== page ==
Master's Thesis Defense - Cody Prather
- Monday, April 20, 2015 at 12:00pm
- Roberts Hall, Room 121 - view map
Cody Prather M.S. Thesis Defense : NMR studies of capillary trapping in geologic CO2 sequestration and immiscible two-phase flow in porous media
Significant increases in atmospheric concentrations of CO2 has led to the need for viable means for reducing emissions of this greenhouse gas. Carbon capture and sequestration (CCS) is the process by which CO2 is captured and injected into deep underground saline aquifers, or in depleted oil and gas fields, for secure storage. Capillary trapping is a prominent mechanism for initially trapping CO2 in pore structures of these deep underground rock formations. It is therefore important to characterize and understand the residual saturation and distribution of CO2 within the pore structure.
Nuclear magnetic resonance (NMR) techniques are used to noninvasively monitor the drainage/imbibition of air, CO2, and scCO2 with DI H2O in a Berea sandstone rock core under reservoir conditions. Because of the thermophysical properties of scCO2, analogue fluids used for simplification, such as air, may not be representative of the actual processes under geologic conditions. Thus, this study will compare the capillary trapping of air with that of supercritical CO2, as well as subcritical CO2 to supercritical CO2. Furthermore, the distribution of the H2O in the pores is monitored via NMR relaxometry in order to provide some insight into which pores may trap the nonwetting phase and to track the drainage/imbibition through the pore structure.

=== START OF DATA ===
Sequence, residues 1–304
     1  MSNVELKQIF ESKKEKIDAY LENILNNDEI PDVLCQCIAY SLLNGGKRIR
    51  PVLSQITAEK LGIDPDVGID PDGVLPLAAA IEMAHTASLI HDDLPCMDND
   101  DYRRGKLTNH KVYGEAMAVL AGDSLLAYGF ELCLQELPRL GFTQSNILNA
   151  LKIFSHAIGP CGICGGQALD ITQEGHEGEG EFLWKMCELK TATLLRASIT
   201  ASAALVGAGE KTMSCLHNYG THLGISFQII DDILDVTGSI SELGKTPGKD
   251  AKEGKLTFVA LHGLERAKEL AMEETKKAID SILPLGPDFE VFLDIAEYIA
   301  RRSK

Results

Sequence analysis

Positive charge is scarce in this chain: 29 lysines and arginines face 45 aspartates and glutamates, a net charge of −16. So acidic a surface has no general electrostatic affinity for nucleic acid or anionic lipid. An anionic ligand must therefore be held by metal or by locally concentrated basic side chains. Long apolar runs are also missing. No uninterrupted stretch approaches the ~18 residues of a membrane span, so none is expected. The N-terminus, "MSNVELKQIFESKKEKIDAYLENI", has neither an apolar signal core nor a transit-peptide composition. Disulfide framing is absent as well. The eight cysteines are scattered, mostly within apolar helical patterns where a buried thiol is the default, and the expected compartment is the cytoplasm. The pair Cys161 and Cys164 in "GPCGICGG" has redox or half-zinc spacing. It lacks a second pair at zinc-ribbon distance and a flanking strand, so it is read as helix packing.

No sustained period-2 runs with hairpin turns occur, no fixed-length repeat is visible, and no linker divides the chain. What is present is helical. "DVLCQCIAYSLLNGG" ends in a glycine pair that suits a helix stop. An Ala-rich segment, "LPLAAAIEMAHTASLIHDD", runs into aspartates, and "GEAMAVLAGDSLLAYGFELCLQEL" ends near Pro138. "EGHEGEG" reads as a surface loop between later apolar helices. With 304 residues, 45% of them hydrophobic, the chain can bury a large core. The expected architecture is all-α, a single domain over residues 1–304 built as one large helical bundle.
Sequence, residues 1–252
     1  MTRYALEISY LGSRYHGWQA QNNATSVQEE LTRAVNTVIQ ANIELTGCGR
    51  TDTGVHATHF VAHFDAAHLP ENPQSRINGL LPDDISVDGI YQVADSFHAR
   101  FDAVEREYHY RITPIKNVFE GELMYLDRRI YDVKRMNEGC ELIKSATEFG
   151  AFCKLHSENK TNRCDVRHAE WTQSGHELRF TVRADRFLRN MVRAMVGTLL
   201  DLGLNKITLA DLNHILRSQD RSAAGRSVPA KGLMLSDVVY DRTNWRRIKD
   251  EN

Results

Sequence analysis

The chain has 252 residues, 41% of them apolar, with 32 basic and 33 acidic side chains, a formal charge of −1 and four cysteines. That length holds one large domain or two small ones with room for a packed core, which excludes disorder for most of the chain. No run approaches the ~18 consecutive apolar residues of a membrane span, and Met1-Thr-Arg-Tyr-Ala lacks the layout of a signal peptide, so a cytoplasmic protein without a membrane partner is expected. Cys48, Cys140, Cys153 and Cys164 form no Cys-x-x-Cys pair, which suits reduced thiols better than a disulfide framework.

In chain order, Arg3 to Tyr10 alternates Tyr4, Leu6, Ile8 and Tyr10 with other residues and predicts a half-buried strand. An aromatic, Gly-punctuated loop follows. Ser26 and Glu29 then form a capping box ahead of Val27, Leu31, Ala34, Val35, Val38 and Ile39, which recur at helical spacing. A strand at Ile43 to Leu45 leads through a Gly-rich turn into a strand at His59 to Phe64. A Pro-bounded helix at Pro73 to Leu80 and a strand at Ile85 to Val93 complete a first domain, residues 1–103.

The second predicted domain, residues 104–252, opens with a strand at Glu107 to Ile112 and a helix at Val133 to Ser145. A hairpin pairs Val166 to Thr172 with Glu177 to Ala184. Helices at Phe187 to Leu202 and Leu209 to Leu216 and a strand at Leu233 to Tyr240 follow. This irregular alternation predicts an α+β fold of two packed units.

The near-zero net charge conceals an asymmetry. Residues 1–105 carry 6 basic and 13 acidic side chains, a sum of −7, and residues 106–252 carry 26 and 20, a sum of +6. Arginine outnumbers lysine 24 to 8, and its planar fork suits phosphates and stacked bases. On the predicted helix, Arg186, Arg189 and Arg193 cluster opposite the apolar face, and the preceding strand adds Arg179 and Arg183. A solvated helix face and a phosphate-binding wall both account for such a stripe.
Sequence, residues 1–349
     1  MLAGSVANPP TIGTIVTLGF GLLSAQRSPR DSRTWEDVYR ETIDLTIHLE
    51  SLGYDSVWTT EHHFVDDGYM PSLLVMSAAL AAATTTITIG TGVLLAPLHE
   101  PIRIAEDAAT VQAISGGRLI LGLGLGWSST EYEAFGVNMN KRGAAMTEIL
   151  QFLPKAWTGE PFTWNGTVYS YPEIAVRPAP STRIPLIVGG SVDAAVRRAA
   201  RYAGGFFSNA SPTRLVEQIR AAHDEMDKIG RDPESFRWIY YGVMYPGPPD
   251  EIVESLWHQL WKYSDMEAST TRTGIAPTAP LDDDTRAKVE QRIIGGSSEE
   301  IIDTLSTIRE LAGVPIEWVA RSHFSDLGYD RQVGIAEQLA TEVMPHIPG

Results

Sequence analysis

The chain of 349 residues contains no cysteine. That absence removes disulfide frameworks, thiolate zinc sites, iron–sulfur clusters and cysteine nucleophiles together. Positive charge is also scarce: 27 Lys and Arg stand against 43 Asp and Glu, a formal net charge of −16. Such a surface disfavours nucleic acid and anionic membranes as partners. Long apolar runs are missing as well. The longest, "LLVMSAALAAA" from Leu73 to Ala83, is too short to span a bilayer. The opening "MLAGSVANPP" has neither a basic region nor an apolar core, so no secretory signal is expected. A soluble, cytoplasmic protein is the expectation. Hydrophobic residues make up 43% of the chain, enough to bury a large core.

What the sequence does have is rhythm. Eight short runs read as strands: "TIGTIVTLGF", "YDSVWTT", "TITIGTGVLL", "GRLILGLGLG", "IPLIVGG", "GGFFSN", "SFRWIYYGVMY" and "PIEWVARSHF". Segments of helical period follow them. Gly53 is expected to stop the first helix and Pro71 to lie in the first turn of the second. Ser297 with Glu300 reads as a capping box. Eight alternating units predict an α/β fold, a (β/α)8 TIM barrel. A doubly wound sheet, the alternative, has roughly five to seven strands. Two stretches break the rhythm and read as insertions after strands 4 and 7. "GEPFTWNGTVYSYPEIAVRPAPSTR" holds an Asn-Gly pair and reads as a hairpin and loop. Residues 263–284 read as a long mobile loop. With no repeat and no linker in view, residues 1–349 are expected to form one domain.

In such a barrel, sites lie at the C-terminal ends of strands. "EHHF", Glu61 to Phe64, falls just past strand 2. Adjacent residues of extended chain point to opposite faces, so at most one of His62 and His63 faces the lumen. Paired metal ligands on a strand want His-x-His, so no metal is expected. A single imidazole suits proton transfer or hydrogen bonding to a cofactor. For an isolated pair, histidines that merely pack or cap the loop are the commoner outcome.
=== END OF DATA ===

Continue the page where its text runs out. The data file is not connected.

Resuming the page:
Also, a brief NMR study of immiscible two-phase flow in porous media will be discussed. Because of its unpredictable nature and existence in many industries, it would prove valuable to determine flow patterns and understand the fluid mechanisms from a capillary number/pressure gradient relationship. Therefore, NMR techniques are utilized to provide snapshots of the water saturation distribution within a bead pack and help elucidate flow patterns during the steady state regime.
- Department of Mechanical & Industrial Engineering